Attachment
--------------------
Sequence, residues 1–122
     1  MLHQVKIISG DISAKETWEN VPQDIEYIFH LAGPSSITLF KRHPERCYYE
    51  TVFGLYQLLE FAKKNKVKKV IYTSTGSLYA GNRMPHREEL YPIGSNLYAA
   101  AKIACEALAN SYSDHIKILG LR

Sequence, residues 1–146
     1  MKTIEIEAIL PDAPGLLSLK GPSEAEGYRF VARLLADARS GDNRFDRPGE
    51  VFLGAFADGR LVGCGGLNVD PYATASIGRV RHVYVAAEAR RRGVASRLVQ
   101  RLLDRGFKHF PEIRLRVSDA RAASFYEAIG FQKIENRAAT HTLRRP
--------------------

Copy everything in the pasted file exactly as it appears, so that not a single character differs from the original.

Sequence, residues 1–122
     1  MLHQVKIISG DISAKETWEN VPQDIEYIFH LAGPSSITLF KRHPERCYYE
    51  TVFGLYQLLE FAKKNKVKKV IYTSTGSLYA GNRMPHREEL YPIGSNLYAA
   101  AKIACEALAN SYSDHIKILG LR

Sequence, residues 1–146
     1  MKTIEIEAIL PDAPGLLSLK GPSEAEGYRF VARLLADARS GDNRFDRPGE
    51  VFLGAFADGR LVGCGGLNVD PYATASIGRV RHVYVAAEAR RRGVASRLVQ
   101  RLLDRGFKHF PEIRLRVSDA RAASFYEAIG FQKIENRAAT HTLRRP